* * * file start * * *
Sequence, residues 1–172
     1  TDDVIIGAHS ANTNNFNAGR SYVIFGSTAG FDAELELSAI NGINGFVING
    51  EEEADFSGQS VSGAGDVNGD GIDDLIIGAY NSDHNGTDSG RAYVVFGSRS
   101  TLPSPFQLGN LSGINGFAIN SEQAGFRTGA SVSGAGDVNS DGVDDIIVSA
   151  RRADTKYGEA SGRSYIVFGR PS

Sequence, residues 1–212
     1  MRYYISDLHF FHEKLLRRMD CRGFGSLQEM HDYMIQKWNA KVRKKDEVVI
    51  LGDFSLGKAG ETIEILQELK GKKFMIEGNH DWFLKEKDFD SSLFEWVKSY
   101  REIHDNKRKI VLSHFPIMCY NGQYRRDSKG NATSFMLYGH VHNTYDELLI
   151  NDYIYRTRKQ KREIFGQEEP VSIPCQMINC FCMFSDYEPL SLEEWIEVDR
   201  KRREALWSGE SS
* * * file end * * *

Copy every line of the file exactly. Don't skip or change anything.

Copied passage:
Sequence, residues 1–172
     1  TDDVIIGAHS ANTNNFNAGR SYVIFGSTAG FDAELELSAI NGINGFVING
    51  EEEADFSGQS VSGAGDVNGD GIDDLIIGAY NSDHNGTDSG RAYVVFGSRS
   101  TLPSPFQLGN LSGINGFAIN SEQAGFRTGA SVSGAGDVNS DGVDDIIVSA
   151  RRADTKYGEA SGRSYIVFGR PS

Sequence, residues 1–212
     1  MRYYISDLHF FHEKLLRRMD CRGFGSLQEM HDYMIQKWNA KVRKKDEVVI
    51  LGDFSLGKAG ETIEILQELK GKKFMIEGNH DWFLKEKDFD SSLFEWVKSY
   101  REIHDNKRKI VLSHFPIMCY NGQYRRDSKG NATSFMLYGH VHNTYDELLI
   151  NDYIYRTRKQ KREIFGQEEP VSIPCQMINC FCMFSDYEPL SLEEWIEVDR
   201  KRREALWSGE SS